Ross Douthat comes out on the side of the angels in proposing the abolition of the Federal Insurance Contributions Act tax, the “payroll tax”:
The payroll tax holiday that passed Congress in the winter of 2010 was a rare exception to this pessimistic rule. Cutting the payroll tax was good short-term politics for both Democrats and Republicans: it was a tax cut that liberals hoped would double as stimulus, and a boost to the middle class that conservatives could support without embracing new federal spending. But more important, it opened the door to what would be good long-term policy as well — because more than almost any feature of the American tax code, the payroll tax deserves to be pared away into extinction.
But now Washington is in danger of practicing payroll-tax bipartisanship of a more destructive sort. While the White House and Congressional Republicans wrestle over where to set income tax rates and how and whether to cut spending, the payroll tax holiday has been orphaned. Lacking noisy champions and press attention, it’s in danger of expiring at the end of the year out of political indifference.
That outcome would be unfortunate. Payroll taxes are a relic of New Deal Machiavellianism: by taking a bite of every worker’s paycheck and promising postretirement returns, Franklin Roosevelt effectively disguised Social Security as a pay-as-you-go system, even though the program actually redistributes from rich to poor and young to old. That disguise has helped keep Social Security sacrosanct — hailed by Democrats because it protects the poor and backed by Republicans as a reward for steady work.
A general rule of thumb, based on straightforward principles of supply and demand, is that, if you tax something, people will produce less of it. The payroll tax is a tax on jobs and income, particularly on jobs and income where the wage is less than the FICA maximum limit, presently $100,100. Do we really want fewer jobs and less income? FICA falls particularly hard on workers at the lower end of the payscale. Because of its maximum limit it is a regressive tax.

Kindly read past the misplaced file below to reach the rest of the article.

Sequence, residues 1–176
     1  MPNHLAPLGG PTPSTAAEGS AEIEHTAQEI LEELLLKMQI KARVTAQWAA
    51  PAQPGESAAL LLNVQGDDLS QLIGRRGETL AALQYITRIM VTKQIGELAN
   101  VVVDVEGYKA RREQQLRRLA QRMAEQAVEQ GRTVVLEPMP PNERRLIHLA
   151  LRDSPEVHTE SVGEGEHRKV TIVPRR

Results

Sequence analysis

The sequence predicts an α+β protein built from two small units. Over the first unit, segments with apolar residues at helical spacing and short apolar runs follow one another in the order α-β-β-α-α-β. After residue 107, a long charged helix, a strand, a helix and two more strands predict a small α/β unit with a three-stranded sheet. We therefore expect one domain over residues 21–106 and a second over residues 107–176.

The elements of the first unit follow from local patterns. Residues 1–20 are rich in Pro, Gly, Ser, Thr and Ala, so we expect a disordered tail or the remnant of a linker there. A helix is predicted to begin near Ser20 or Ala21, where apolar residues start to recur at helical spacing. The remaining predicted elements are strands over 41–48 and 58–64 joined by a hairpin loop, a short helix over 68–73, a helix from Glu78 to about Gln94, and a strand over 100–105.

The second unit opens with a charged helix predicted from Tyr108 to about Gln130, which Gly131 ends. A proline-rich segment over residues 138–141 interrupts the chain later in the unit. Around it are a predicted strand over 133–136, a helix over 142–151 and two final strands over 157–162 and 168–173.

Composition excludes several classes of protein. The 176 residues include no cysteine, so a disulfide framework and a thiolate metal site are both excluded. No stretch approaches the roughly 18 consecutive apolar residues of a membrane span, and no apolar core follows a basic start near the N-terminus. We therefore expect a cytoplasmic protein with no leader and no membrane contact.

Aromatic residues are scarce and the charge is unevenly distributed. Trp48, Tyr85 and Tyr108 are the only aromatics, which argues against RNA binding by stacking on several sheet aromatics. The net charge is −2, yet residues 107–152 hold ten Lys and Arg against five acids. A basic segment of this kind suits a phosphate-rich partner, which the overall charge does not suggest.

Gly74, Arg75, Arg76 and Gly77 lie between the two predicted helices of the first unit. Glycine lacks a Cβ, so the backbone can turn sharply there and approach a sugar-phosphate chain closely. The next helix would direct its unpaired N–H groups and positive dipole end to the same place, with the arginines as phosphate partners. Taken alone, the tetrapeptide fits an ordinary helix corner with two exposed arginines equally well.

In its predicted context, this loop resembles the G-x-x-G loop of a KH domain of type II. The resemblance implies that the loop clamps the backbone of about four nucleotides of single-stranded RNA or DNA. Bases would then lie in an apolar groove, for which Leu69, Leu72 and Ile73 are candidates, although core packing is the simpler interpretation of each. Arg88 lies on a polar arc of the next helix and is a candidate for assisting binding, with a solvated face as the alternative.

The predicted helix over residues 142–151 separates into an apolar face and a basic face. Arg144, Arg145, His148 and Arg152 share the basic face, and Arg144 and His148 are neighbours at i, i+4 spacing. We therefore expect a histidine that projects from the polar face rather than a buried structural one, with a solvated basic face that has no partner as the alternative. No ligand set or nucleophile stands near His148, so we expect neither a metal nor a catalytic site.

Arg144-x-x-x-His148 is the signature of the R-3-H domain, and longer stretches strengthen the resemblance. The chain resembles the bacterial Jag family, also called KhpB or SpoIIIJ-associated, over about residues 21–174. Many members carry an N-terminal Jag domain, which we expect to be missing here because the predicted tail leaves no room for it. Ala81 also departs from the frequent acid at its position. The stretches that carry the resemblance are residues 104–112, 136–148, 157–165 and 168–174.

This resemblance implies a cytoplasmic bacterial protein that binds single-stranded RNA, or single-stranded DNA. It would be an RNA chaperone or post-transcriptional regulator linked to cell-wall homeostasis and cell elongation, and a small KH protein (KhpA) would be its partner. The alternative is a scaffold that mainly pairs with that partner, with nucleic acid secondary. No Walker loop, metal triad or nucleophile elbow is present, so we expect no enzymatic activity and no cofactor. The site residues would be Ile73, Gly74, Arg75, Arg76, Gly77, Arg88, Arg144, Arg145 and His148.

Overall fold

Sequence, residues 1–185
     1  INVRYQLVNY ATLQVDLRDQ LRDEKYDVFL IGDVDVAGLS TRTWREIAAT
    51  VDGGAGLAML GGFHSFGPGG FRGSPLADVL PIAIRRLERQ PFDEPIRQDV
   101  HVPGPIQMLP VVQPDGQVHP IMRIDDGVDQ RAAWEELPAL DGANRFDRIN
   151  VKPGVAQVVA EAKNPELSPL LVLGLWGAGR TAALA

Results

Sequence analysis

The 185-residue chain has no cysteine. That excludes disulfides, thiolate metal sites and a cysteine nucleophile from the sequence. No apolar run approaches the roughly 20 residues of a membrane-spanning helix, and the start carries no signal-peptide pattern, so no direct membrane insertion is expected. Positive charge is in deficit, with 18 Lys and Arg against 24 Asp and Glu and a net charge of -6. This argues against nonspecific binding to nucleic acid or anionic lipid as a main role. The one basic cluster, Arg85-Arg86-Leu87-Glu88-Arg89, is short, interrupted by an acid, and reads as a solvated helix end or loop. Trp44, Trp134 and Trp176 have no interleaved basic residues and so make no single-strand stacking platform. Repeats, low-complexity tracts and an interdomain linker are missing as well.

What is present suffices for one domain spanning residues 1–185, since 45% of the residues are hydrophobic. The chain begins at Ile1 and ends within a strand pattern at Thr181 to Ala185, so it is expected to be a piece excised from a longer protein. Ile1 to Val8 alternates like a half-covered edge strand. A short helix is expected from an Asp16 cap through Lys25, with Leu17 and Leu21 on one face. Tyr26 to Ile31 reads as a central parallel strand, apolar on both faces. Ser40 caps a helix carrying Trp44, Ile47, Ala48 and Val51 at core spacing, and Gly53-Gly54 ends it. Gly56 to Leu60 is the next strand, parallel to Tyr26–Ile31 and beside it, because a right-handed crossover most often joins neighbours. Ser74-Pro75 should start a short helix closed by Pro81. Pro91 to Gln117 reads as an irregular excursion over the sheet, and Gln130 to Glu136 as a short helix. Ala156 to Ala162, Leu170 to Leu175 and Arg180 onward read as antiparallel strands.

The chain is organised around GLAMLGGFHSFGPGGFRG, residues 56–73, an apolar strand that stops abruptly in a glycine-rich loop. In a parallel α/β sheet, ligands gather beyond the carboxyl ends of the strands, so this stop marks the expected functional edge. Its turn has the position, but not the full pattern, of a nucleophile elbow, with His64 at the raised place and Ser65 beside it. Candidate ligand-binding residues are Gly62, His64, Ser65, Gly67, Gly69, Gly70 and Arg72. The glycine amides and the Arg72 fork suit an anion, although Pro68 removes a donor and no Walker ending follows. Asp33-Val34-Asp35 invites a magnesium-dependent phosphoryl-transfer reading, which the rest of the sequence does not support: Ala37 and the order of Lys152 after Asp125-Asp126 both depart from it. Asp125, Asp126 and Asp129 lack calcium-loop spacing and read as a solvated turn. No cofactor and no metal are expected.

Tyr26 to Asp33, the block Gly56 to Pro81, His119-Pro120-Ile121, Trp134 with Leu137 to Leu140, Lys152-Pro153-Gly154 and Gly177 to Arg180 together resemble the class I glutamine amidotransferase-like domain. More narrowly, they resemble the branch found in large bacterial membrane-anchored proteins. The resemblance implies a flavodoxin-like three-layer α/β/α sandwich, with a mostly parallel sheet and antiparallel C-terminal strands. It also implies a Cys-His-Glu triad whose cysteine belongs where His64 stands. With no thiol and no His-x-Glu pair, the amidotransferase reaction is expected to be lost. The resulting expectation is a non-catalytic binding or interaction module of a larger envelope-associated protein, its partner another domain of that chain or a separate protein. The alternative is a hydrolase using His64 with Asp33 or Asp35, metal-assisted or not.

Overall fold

The Social Security retirement payment plan is not now a “pay as you go” system. For the last several years revenues have fallen below mandated disbursements. The difference is made up out of the general fund (essentially, 40% of that is borrowed). One of the ironies of the frequent longing citation of progressives over the Swedish welfare system is that Sweden’s social insurance system is a pay as you go system. Disbursements are limited to revenues, something I strongly suspect would dismay its American fans if it were implemented here. If it were implemented here, the Social Security system would become permanently solvent with the swipe of a pen.
When you combine the FICA tax liability with costs incurred as a result of working and decreasing eligibility for various benefits with increasing income, a significant number of people are actually discouraged from working. This is a perverse result and we should eliminate it.
Eliminating FICA is a good first step in that direction. It would have the additional beneficial effect of reducing the bookkeeping requirement for businesses and individuals. Have you noticed how many nominees to appointive office fall afoul of paying taxes on behalf of their domestic employees? That’s not because they’re cheap or, at least, not just because they’re cheap. It’s because it’s arduous.